I'm sure you all well remember that I'm a basket case in my own appealing way. Which reminds me of the sitcom from the '80's called Designing Women. Once Julia went to bat for a demented woman -- I don't remember the details -- but in the end Julia got in someone's face in a polite genteel sort of way by declaring, "Here in the South, we are puh-roud of our crazy people."
My family ganged up on me last night and I'm none too puh-roud of them for that. What they all need is a kick in the butt and a bit of experience living in the South and growing up with chores. Huh!, chores! What a lame word. I didn't have "chores" when I was a kid. I worked like a man starting at 4 years of age.
Last night I told the girls to make the sandwiches for lunches. You'd have thought I'd asked them to construct the Golden Gate Bridge. The (usually) fine husband and father of these darlings didn't even take up for me. I was none too happy. It wasn't one of our finer evenings.
It got worse. After they expressed their opinions about making sandwiches, the horror of horrors that that is, they tried to saddle me with guilt. "We never see you. You're always gone." They started naming all the commitments I've had this year, only one of which is still a weekly evening commitment. It's true I WAS over-committed but I quit every dang one of those commitments except Tuesday evening. No more Weight Watchers, no more dragon boating (I cried).
I'm sure as astute discerners of spirits, you've figured out that I'm just a little peeved. And as I've done in the past, I'll share some of this little family's humor. It always blesses my socks off to tell funny things my fam has done. I'm blessed indeed with a (usually) good-natured, fun-loving family.
In The Cinderella Story, a girl flick that my girls really like, the evil stepmother in her nasal voice says to the teenage stepdaughter, "You're not very smart and you're not very pretty. I'm glad we had this talk." That line has become a regular in our house. It's one of those little things we say to make sure everyone maintains a healthy self-esteem. Hannah particularly likes to say it, probably because she knows she'll get gales of laughter from me because she does the imitation so well. I might ask, "Hannah, does this blouse look ok?" to which she'll look up and down my long svelte body and reply in a most nasally voice, "Well, you're not very smart and you're not very pretty. I'm glad we had this talk."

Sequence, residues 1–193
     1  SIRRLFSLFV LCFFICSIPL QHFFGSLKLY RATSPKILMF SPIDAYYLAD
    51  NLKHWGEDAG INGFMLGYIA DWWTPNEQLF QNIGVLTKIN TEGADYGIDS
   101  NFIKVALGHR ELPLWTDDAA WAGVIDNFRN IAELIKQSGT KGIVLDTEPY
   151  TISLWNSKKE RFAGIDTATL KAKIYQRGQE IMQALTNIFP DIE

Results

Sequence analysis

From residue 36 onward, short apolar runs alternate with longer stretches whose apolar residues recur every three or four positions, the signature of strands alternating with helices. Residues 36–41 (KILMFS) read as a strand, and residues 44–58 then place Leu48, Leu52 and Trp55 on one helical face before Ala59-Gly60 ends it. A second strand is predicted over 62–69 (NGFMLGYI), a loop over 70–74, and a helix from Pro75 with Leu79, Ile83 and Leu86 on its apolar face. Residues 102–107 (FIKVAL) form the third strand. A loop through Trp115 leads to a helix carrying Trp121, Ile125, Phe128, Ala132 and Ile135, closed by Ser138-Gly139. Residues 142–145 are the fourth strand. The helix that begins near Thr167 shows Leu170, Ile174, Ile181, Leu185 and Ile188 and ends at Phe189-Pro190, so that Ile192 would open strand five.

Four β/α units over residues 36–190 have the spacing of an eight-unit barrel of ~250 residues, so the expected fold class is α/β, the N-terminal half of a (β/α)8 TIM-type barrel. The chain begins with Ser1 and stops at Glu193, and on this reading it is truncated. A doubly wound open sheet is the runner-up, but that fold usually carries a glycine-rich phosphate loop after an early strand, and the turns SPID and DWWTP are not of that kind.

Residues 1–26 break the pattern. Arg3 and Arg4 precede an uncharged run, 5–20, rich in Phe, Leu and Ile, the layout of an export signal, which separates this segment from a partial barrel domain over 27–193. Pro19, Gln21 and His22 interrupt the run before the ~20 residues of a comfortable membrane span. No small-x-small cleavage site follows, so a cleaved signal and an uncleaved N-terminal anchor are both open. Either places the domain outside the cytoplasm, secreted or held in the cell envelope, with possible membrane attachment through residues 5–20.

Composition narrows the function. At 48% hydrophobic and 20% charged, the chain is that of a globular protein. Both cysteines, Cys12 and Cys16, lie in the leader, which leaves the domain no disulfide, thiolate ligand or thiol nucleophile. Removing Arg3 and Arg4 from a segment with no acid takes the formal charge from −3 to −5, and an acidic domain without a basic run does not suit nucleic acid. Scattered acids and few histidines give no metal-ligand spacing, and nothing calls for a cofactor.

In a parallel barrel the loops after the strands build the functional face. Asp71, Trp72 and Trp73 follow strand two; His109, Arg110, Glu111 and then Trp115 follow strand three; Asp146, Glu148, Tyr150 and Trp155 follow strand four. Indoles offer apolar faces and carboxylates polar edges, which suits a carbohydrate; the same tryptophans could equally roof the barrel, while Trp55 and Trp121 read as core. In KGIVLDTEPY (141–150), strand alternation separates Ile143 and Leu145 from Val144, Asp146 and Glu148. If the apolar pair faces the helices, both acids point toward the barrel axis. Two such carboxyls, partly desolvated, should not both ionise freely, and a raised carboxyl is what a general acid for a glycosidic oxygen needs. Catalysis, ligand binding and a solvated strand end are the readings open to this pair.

Sounds warped, I know. But it makes us laugh. It makes me puh-roud.
Several weeks ago my poor Rachael got a short-lived little flu. She's usually healthy as a healthy horse so when I heard her puking I ran to the bathroom to find her hugging the toilet. Forgetting to check my humor at the door, I said, "Oh Lord, I hope this isn't that swine flu that's killin' everybody." Even in a puking state, Rachael started laughing and vomit dribbled out her nose. I know, sounds un-motherly and warped. But we laughed and that makes me puh-roud.
Deborah, the social butterfly, lives in fear of missing out on something. None of my children have had as many play dates and social gatherings as Deborah. And every time we pick her up from one of them she asks, "What did you all do while I was gone?" Sounds healthy enough, but what she really means is did I miss anything? Not one to let the opportunity pass to damage a child, I reply along these lines. "We had a party with ice cream and every candy you can imagine. Even pop, lots of pop. I hired a clown and he came with his donkey." As I'm saying my part, the rest of the family is adding theirs. Everyone belts out their input: We went skating. Kalyna called to see if you could sleep over, I told her no. We went for pizza. We laugh as we try to outdo each other's good time.
Ok, I THINK my family is back in my good graces. At least till I ask them to lift their pretty little fingers to help me out.
Hmm, maybe I spoke too soon.